Meanwhile, leaving now the subject of the death of Lagron, the deputy-suppleant had at last brought himself into order, and was speaking upon the question under debate. He contributed nothing of value to it; he urged nothing definite. His speech on the subject was very brief—that being the pretext and not the purpose for which he had ascended the tribune.

When later he was leaving the hall at the end of the sitting, with Le Chapelier at his side, he found himself densely surrounded by deputies as by a body-guard. Most of them were Bretons, who aimed at screening him from the provocations which his own provocative words in the Assembly could not fail to bring down upon his head. For a moment the massive form of Mirabeau brought up alongside of him.

“Felicitations, M. Moreau,” said the great man. “You acquitted yourself very well. They will want your blood, no doubt. But be discreet, monsieur, if I may presume to advise you, and do not allow yourself to be misled by any false sense of quixotry. Ignore their challenges. I do so myself. I place each challenger upon my list. There are some fifty there already, and there they will remain. Refuse them what they are pleased to call satisfaction, and all will be well.” Andre-Louis smiled and sighed.

“It requires courage,” said the hypocrite.

“Of course it does. But you would appear to have plenty.”

“Hardly enough, perhaps. But I shall do my best.”

They had come through the vestibule, and although this was lined with eager Blacks waiting for the young man who had insulted them so flagrantly from the rostrum, Andre-Louis’ body-guard had prevented any of them from reaching him.

Emerging now into the open, under the great awning at the head of the Carriere, erected to enable carriages to reach the door under cover, those in front of him dispersed a little, and there was a moment as he reached the limit of the awning when his front was entirely uncovered. Outside the rain was falling heavily, churning the ground into thick mud, and for a moment Andre-Louis, with Le Chapelier ever at his side, stood hesitating to step out into the deluge.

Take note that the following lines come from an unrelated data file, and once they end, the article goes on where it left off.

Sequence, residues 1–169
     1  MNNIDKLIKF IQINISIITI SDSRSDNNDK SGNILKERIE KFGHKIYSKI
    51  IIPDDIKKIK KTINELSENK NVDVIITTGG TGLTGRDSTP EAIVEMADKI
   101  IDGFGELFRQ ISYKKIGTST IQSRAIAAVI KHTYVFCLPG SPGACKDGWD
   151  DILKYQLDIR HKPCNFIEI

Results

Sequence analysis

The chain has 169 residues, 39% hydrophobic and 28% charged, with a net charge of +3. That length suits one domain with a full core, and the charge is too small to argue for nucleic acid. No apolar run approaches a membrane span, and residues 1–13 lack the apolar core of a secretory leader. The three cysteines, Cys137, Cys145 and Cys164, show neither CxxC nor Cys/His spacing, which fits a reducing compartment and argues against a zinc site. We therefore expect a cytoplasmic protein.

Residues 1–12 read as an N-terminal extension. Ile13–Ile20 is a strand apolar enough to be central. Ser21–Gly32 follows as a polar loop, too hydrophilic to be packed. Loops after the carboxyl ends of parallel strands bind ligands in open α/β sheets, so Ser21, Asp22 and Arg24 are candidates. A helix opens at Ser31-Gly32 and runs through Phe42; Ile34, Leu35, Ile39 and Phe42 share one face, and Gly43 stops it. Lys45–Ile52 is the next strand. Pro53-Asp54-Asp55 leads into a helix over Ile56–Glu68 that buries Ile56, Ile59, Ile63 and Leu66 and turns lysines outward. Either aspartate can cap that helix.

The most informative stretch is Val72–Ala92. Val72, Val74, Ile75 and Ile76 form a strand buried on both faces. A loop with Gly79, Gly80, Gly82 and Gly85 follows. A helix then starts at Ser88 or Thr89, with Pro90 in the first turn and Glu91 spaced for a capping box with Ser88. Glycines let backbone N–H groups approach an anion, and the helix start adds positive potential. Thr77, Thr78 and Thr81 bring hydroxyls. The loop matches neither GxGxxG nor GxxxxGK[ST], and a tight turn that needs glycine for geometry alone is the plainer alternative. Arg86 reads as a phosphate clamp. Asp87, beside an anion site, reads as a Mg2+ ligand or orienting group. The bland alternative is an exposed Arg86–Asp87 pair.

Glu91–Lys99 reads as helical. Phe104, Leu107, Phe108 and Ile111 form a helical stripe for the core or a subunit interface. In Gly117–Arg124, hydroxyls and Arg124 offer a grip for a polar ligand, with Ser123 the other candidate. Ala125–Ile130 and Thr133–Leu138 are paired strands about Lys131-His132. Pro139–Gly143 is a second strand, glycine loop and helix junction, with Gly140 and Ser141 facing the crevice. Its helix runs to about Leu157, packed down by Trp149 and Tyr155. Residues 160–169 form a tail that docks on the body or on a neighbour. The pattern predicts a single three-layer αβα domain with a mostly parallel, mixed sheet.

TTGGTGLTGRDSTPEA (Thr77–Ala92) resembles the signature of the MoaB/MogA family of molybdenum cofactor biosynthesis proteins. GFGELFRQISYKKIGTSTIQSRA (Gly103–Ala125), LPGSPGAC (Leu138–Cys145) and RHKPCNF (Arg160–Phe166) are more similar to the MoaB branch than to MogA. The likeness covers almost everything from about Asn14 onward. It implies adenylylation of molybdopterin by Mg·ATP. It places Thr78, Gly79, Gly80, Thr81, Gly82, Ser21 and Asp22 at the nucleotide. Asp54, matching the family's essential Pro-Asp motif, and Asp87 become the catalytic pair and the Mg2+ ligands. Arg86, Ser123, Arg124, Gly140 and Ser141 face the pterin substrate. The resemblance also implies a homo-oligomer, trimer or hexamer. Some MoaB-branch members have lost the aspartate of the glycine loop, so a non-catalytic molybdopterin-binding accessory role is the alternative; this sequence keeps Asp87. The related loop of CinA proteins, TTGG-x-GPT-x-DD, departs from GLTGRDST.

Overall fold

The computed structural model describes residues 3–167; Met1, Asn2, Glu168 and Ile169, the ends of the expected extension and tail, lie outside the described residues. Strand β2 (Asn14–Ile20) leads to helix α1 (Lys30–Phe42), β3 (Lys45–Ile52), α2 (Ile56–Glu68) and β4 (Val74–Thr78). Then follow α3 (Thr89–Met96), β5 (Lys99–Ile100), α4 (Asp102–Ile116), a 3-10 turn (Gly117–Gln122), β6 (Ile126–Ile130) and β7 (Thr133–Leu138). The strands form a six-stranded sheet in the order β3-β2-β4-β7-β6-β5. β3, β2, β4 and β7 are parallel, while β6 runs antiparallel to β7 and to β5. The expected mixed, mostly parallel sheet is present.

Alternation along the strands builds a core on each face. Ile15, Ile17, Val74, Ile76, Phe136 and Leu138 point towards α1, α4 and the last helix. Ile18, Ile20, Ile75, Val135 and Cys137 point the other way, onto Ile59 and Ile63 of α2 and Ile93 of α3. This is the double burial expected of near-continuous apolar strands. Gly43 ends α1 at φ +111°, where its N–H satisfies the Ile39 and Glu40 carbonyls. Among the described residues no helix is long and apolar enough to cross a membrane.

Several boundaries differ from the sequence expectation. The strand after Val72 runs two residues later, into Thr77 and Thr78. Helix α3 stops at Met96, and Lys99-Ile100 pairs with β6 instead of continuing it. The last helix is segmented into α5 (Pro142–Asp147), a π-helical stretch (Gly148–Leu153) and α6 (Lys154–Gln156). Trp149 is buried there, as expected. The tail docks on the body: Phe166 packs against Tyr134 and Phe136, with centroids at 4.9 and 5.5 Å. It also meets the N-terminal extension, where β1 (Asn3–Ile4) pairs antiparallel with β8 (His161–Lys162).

The watchful Chabrillane had seen his chance, and by a detour that took him momentarily out into the rain, he came face to face with the too-daring young Breton. Rudely, violently, he thrust Andre-Louis back, as if to make room for himself under the shelter.

Not for a second was Andre-Louis under any delusion as to the man’s deliberate purpose, nor were those who stood near him, who made a belated and ineffectual attempt to close about him. He was grievously disappointed. It was not Chabrillane he had been expecting. His disappointment was reflected on his countenance, to be mistaken for something very different by the arrogant Chevalier.

But if Chabrillane was the man appointed to deal with him, he would make the best of it.

“I think you are pushing against me, monsieur,” he said, very civilly, and with elbow and shoulder he thrust M. de Chabrillane back into the rain.